Its strange in Pakistan, it’s the first country i have visited where i havn’t seen a single national flag flying. Here its the flag of Benazir Bhutto’s Pakistan People’s Party which is all the rage. Every last car and building is adorned with her picture, the colours of the party and proporganda posters surrounding her martyrdom. The colourful trucks, a symbol and image of Pakistan, immortalize her, her sunglass toting son and party associates in vivid murals on the back of their wagons. There are seldom few truck drivers who havn’t stumped up the cash to have their General Musharraf murals re-done, it would seem that in Pakistan it’s your best bet to back the leading horse and then sing when you’re winning.
The Karakoram highway is a road of legend and mystery. Its a road which took over 5000, mostly Chinese lives in its construction, one for every 1.5km of its length linking the lowlands of the Punjab with the Chinese Border. It took twenty years of hard slog and labour to complete, the Chinese workers mainly using pick axes and shovels to fight their way through the mountains, which flatly refused to be beaten. Large signs have been whitewashed on the side of the road proclaiming ‘Karakorum HIghway; the eighth wonder of the world!’ and arguably the claim is true. The KKH has been one of my leading desires and desperations for the trip and I am determined to leave no pothole unridden in its entirety.
I leave Islamabad, past the old colonial British hill station of Muree, I wish I had a pith helmet and prehaps a good moustache, I have to settle for my Shoei motorcycle helmet and a decidedly patchy attempt at a beard, but i feel decidedly superior to the locals. Joining the KKH proper the mighty Indus river, cascades through the valley as the road passes through multiple landslides which have removed the roads surface, the mountain range desparately trying to claim back the roadside.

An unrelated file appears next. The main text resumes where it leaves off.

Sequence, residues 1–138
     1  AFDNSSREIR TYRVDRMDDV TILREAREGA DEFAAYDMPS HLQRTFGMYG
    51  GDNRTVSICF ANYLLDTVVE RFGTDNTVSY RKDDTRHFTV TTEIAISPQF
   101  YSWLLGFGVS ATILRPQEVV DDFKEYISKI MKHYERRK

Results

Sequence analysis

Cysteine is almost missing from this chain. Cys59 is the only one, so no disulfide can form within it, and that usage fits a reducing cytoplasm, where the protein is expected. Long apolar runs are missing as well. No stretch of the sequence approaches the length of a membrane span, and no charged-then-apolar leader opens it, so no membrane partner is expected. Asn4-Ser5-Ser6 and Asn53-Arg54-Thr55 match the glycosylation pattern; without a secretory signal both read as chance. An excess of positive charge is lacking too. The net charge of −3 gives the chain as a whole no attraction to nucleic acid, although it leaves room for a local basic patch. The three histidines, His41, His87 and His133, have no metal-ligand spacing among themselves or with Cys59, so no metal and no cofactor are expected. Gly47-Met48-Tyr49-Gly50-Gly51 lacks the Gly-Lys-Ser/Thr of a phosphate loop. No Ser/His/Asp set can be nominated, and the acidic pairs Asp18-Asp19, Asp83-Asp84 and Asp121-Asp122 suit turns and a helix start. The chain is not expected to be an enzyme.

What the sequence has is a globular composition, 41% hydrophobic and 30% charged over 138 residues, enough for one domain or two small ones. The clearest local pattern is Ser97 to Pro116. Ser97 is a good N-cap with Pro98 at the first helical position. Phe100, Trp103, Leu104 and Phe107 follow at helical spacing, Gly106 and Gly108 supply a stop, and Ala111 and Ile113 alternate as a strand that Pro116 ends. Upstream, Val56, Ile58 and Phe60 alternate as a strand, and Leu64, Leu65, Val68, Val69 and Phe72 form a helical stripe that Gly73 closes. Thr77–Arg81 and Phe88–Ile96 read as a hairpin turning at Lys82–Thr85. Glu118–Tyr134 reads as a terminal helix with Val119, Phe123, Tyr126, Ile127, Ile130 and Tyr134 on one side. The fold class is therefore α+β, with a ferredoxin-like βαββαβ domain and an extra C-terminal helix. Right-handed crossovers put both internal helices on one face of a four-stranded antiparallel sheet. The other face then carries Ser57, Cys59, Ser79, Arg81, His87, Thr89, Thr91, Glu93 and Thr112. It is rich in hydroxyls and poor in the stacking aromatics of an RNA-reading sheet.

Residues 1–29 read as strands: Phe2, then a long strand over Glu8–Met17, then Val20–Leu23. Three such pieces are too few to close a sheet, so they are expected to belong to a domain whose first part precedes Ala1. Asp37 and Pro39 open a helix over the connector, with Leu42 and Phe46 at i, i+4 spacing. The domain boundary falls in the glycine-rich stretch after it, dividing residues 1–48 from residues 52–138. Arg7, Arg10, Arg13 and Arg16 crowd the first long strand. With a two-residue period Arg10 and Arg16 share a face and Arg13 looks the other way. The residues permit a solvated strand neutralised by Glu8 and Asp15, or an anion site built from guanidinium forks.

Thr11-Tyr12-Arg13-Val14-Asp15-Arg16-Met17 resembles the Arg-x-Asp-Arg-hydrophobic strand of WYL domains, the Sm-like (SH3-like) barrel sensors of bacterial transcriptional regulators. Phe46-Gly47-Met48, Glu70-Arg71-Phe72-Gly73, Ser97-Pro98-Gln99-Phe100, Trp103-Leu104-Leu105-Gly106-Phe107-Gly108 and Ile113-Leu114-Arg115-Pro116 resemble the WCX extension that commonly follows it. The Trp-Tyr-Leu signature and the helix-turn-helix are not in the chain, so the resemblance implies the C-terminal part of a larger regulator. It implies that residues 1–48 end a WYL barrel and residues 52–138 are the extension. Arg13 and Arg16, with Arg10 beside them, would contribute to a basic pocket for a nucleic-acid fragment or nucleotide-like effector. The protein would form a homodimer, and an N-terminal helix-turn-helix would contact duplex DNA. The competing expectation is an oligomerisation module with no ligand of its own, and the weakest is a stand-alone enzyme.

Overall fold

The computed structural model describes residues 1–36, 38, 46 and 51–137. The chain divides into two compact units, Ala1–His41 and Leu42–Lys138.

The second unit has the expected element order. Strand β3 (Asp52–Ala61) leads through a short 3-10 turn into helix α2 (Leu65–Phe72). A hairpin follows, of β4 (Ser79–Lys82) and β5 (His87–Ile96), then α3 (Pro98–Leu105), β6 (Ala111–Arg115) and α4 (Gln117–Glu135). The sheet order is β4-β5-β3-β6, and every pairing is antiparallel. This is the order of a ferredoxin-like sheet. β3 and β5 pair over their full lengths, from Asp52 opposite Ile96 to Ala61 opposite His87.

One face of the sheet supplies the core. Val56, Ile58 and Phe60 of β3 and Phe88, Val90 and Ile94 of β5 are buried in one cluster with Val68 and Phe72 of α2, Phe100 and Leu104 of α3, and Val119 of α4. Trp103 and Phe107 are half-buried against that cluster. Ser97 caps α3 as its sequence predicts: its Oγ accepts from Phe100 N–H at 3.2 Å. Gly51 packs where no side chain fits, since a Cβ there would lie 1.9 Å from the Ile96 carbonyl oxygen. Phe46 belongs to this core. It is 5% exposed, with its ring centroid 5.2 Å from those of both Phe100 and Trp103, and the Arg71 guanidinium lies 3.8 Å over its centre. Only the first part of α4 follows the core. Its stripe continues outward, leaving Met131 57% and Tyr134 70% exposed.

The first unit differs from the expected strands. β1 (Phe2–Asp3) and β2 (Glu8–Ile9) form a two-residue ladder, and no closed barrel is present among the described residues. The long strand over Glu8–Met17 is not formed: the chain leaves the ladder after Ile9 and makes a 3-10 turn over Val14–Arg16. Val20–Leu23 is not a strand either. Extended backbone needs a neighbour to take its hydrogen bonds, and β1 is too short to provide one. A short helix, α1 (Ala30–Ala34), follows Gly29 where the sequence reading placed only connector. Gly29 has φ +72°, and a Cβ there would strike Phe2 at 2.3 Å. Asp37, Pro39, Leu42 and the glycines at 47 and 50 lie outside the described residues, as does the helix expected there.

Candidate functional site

With kids selling Apricots from the side of the road and also throwing a few large rocks at me for good measure, more and more majestic white peaks come into view, towering over the green and forested, lush lower valleys. Soon I find myself at the crossroads of the Hindu Kush, The Karakorum and Himalayan ranges. I stand on the exact spot by the memorial for a few minutes expecting something mystical to happen; I just get rather cold and begin to realise how knackering the twisty, truck ridden road has been. Riding through a sand storm, across the mountain plains, I decide to rest in Gilgit, home of wild games of Polo and the way to China. Its taken around 17 hours of solid riding to get this far across two long days covering only around 400km. The people are blond and fair here, some with stunning green eyes and have nothing cultually in common with the Punjabi’s, and Sindhi’s who sometimes share some traits with their Indian brothers in the personal space department. It seems my only Urdu is no longer useful; ‘Please don’t touch’
With the signs now in both English, Chinese and Russian i see the first marker for Beijing. It’s marked as only 5000km by road from my exact point, around ten days easy ride across the good fast Chinese highways, it feels a little crushing and cheating that I don’t have a Chinese visa. It’s so close yet so far, i am a (big) stone’s throw away from Beijing and far far closer to my home, to Europe. Beijing felt so foreign, so distant on my last visit there, yet the atmostphere, the food, the signposts make it feel down the road. The Himalaya is only just beginning and already i am blown away.